In the 2013 production, Shipman prefaced the music and dance with first-person accounts of survivors of wartime conflict. This year she’s integrating these stories more fully into the performance and she’s enlisted The Telling Room (a Portland-based ensemble of storytellers) to help deliver these messages.

“I realized that these stories had shaped this work into a message of everyone’s fight against conflict,” Shipman explains. “When we learn these struggles and hear how they shaped a person’s life, they reshape our community and our sense of responsibility in the role we play in each others lives.”

Three performances are slated for the John Ford Theater in Portland High School, 284 Cumberland Ave.: May 20 at 7 p.m. and May 21 at 2 p.m. and 7 p.m. Call 772-9671.

Mile Twelve

One of Maine’s smallest music venues is hosting not one, but two Boston acoustic ensembles this Friday. Top billing goes to Mile Twelve, a bluegrass foursome who are among the top bands on Boston’s red-hot acoustic music scene.

Formed two years ago, Mile Twelve is a fresh, hard-driving young band that deftly walks the line between original and traditional bluegrass, quickly gaining recognition for outstanding performances at music festivals and other venues. These have included the Ossipee Valley Music Festival here in Maine.

Bluegrass superstar Tony Trischka comments, “Mile Twelve’s instrumental skills reflect natural abilities enhanced by serious study of bluegrass tradition and a fearless desire to create fresh pathways.”

Mile Twelve will be joined by an acoustic trio, Lula Wiles. Although based in The Hub, all three members grew up in Maine, attended the Maine Fiddle Camp and formally studied at the Berklee College of Music in Boston.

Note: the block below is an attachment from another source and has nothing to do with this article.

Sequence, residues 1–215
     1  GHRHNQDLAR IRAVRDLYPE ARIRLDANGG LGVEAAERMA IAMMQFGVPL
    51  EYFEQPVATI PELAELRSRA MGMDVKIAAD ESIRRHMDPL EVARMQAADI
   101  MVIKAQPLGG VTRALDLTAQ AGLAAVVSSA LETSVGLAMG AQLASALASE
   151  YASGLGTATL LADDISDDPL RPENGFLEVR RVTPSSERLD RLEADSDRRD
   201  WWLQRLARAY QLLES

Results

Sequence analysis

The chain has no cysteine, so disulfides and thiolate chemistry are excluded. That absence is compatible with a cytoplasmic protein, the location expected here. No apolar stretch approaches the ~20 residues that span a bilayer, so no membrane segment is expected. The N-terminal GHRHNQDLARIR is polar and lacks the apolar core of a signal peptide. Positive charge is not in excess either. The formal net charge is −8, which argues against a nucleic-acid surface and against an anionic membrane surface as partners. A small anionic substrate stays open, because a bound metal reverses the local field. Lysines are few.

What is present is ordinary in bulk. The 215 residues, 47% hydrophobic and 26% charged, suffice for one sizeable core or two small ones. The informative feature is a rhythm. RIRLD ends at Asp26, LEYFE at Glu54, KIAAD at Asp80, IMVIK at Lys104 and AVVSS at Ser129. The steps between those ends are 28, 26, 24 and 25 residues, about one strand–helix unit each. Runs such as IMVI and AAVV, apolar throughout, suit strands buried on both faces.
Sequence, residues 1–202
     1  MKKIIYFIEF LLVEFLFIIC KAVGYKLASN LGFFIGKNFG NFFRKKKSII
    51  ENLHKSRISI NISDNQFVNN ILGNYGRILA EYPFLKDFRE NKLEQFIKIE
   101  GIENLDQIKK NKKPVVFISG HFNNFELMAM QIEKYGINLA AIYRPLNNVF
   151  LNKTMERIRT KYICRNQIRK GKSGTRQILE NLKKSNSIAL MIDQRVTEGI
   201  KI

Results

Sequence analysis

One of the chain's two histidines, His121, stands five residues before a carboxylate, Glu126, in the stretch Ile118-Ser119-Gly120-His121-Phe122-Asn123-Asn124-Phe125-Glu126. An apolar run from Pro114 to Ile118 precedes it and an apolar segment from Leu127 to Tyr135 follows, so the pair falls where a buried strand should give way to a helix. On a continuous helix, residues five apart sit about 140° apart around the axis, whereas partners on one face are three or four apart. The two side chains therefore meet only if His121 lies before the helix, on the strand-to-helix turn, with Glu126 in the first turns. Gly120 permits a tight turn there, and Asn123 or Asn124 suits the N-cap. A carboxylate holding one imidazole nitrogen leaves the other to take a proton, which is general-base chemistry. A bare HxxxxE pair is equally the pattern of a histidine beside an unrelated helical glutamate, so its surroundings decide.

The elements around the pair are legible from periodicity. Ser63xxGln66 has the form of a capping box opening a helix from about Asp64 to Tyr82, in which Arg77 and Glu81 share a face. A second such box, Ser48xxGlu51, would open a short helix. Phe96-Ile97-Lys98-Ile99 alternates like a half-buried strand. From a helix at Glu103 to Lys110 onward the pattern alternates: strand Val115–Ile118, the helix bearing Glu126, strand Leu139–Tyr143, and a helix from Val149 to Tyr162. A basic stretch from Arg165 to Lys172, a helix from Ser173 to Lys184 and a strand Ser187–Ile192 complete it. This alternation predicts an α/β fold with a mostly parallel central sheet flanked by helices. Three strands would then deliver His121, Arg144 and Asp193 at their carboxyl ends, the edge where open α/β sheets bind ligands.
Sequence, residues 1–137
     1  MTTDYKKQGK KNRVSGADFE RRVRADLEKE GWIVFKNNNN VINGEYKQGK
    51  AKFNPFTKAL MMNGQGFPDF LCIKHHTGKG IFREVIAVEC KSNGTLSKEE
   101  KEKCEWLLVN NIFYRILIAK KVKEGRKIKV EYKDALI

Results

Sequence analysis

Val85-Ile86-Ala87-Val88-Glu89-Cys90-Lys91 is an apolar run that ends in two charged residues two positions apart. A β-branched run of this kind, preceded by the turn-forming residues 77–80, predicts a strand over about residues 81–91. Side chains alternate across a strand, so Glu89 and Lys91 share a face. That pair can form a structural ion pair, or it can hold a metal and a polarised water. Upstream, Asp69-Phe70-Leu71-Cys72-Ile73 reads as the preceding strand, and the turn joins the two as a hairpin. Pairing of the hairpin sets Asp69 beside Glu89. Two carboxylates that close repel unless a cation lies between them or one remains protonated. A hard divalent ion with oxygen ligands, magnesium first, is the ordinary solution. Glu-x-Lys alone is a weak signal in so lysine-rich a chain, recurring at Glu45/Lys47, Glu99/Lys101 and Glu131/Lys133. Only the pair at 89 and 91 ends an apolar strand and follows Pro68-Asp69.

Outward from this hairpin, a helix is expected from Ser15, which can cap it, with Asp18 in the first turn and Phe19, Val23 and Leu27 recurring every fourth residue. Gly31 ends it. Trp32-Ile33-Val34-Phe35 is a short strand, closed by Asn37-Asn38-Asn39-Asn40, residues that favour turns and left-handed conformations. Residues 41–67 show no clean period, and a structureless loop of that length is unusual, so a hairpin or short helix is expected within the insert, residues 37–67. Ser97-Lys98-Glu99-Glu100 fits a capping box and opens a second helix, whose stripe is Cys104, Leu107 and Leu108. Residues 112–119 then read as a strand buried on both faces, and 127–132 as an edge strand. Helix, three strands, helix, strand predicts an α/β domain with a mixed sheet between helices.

The venue will be Acoustic Artisans, the workshop of master luthier Jon Cooper, located in the second floor of Portland’s historic Hay Building. Cooper hosts an occasional series of concerts, mostly featuring artists who play fiddles that he’s built.

Catch Mile Twelve and Lula Wiles at Acoustic Artisans, 594 Congress St. in Portland at 8 p.m. May 20. Call Heptunes Concerts at 603-560-6694.

DaPonte String Quartet

Maine’s busiest professional classical music ensemble is wrapping up its fall-winter-spring season this weekend with an interesting program that’s titled “Dino’s Hit List.” Dino is Ferdinand “Dino” Liva, violinist and a founding member of the DaPonte String Quartet.

His musical selections fall somewhere between a collection of faves and a bucket list. The first and last pieces are by the best-known composers of the repertoire. Wolfgang Amadeus Mozart’s String Quartet in B Flat Major will feature not himself, but DaPonte cellist Myles Jordan. Ludwig van Beethoven’s String Quartet No. 8 is the least often played of those dating from the composer’s rich and fruitful “middle period.”

Most intriguing is Ottorino Respighi’s String Quartet in D Major, which Liva has never played before. He considers it a real challenge, and that’s one of several reasons for tackling it now, shortly before he turns 50 and his ensemble turns 25.

The DaPonte String Quartet presents “Dino’s Hit List” May 19 at 7:30 p.m. at the Maine Jewish Museum, 267 Congress St. in Portland, and May 22 at 3 p.m. at the Unitarian Church, 15 Pleasant St. in Brunswick. Call 529-4555.

Ferdinand “Dino” Liva, a founding member of the DaPonte String Quartet, has picked the final program of the ensemble’s 2015-2016 season. Titled “Dino’s Hit List,” upcoming performances are slated for Portland and Brunswick.